Here is the step-by-step guide to the Surya Namaskar practice:
Step 1: Prayer pose or Pranamasana
Feet comfortably apart, put your palms to the heart centre in pranamasana.
Step 2: Raised Arms Pose or Utthana Hastasana
Extend your arms upwards, now bend the head, arms, and upper trunk slightly backward.
Step 3: Standing Forward Bend Pose or Pada Hastasana
Now fold forward from the hip, touch the floor with your palms or fingers on either side of the feet. Try to bring the forehead as close to the knees till it's comfortable.
Step 4: Lunge Pose or Ashwa Sanchalana
Take your right leg back, bend the left knee and lift up your head. Keep your palms straight.
Step 5: Plank Pose or Dandasana
Now, take the left leg back. Make sure that the body weight is on the palms and toes. The foot, waist, and head should be on one line. Now look ahead.
Step 6: Eight Limbed Pose or Ashtanga Namaskara
Bend your elbows and put your knees, chest, and chin on the floor.
Step 7: Cobra Pose or Bhujangasana
Lift your body above the waist, bend it slightly backward and look forward.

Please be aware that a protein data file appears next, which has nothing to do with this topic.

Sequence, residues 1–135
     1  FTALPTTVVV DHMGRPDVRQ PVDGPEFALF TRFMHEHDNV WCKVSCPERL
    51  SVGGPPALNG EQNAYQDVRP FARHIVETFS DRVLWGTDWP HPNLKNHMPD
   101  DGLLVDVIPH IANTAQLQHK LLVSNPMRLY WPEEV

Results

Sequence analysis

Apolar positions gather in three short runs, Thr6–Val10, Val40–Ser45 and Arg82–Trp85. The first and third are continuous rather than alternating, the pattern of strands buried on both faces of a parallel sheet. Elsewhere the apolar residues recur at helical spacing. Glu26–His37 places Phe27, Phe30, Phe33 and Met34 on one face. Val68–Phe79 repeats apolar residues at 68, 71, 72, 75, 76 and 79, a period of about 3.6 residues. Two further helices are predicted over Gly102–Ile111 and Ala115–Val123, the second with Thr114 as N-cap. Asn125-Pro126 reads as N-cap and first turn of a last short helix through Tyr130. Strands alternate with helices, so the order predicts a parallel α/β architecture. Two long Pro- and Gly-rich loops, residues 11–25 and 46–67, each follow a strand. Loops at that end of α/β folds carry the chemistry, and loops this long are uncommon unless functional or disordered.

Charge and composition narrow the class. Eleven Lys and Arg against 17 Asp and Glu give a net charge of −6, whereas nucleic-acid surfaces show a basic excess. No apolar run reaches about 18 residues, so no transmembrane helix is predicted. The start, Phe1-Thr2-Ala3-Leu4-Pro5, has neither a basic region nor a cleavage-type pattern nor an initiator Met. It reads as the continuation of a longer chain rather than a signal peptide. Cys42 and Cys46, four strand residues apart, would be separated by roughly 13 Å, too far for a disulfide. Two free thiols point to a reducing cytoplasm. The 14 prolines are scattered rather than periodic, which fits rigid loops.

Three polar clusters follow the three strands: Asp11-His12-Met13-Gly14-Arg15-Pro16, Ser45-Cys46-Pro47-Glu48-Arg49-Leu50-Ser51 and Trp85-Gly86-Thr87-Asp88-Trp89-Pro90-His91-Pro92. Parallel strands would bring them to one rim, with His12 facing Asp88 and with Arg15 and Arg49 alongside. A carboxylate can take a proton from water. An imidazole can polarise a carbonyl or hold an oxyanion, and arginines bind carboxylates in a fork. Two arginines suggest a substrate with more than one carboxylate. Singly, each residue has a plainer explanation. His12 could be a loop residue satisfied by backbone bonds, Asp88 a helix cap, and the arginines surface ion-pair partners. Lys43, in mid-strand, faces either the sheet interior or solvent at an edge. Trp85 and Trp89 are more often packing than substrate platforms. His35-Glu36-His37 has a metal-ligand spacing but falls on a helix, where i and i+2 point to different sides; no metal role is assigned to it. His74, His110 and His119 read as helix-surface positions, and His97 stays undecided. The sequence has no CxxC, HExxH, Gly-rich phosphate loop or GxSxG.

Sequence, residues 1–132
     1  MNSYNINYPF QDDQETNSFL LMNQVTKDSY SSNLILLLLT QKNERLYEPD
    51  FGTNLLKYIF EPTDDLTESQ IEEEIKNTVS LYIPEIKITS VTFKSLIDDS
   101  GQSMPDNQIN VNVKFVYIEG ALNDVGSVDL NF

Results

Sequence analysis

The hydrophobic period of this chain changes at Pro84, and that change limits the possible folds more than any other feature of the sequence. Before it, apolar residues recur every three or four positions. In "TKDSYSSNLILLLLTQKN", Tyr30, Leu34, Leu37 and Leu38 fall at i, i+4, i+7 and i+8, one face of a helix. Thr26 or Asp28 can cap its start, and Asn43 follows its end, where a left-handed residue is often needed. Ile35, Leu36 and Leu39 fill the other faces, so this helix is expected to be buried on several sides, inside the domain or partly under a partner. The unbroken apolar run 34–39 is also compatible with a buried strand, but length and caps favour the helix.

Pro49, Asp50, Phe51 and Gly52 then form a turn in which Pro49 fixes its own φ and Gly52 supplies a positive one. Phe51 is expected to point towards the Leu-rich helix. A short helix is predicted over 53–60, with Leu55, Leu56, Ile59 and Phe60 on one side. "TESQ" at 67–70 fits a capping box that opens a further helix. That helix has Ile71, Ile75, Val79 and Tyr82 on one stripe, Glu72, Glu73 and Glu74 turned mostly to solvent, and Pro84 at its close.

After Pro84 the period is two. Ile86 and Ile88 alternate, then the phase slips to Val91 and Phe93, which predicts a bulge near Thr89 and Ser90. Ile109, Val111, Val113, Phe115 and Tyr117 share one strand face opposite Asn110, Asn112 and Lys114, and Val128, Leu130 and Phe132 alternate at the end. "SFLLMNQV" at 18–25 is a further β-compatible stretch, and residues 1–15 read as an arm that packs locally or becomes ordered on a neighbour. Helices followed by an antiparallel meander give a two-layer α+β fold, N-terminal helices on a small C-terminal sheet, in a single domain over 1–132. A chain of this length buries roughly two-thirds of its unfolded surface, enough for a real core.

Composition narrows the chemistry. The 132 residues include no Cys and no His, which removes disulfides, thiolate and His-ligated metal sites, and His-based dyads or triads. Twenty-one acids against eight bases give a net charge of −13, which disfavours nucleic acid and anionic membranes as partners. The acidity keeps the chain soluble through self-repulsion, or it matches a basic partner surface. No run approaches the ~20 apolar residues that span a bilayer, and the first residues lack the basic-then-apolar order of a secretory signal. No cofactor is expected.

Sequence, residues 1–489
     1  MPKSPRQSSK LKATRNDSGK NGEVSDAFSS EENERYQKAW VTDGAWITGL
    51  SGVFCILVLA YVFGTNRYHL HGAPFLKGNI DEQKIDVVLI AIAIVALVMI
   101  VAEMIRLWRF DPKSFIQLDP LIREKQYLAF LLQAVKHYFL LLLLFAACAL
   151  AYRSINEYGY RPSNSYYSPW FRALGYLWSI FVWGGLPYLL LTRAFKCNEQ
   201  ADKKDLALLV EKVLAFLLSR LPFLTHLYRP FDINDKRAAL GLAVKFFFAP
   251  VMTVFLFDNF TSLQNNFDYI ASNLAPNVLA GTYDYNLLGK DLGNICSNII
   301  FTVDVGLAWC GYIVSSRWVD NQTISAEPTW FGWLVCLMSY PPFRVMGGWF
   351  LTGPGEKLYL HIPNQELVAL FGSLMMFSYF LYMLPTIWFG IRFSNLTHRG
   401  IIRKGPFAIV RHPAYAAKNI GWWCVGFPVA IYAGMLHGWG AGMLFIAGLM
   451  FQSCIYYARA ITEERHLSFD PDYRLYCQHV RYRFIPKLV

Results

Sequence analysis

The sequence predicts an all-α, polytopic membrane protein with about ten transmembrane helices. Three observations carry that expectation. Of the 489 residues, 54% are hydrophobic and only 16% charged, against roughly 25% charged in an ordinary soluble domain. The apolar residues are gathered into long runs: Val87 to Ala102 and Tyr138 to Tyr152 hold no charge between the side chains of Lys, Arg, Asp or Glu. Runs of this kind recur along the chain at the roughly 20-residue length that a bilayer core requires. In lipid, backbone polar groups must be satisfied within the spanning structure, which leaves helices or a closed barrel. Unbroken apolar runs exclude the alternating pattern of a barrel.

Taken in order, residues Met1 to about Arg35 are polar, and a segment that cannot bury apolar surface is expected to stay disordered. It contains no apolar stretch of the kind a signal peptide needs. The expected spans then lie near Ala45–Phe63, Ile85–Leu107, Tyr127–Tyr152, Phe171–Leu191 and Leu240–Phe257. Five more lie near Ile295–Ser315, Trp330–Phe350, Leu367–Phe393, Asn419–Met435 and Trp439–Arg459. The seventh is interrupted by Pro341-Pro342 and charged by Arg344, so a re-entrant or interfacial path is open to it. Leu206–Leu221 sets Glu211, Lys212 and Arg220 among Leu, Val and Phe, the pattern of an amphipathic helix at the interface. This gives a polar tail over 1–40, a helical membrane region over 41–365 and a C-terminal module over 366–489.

Step 8: Downward Facing Dog or Parvatasana
Now tuck your toes in, lift your waist towards the ceiling and stretch your hands completely.
Step 9: Lunge Pose Ashwa sanchalana
Put your right foot front, bend your left knee and lift your head up, same at step 4.
Step 10: Standing Forward Bend Pose or Pada Hastasana
Put the left foot front, fold forward from the hip, touch the floor with your palms or fingers on either side of the feet. (Same as step 3)
Step 11: Raised Arms Pose or Hasta Utthanasana
Extend your arms upwards, and bend the head, arms, and upper trunk slightly backward. (same as step 2)
Step 12: Prayer Pose or Pranamasana
Put your palms to the heart centre, ending the first half of the practice with pranamasana.
All 12 asanas are practiced with the left leg initiating the lunge.
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How to tailor-make Sun Salutation to suit one’s needs
We believe that everybody is different from one another, and the need to practice Surya namaskar will also differ according to a person’s age, geographical location, the reason for the practice, and health conditions. So based on that we have come up with a few guidelines for you, that you can follow to tailor your practice accordingly.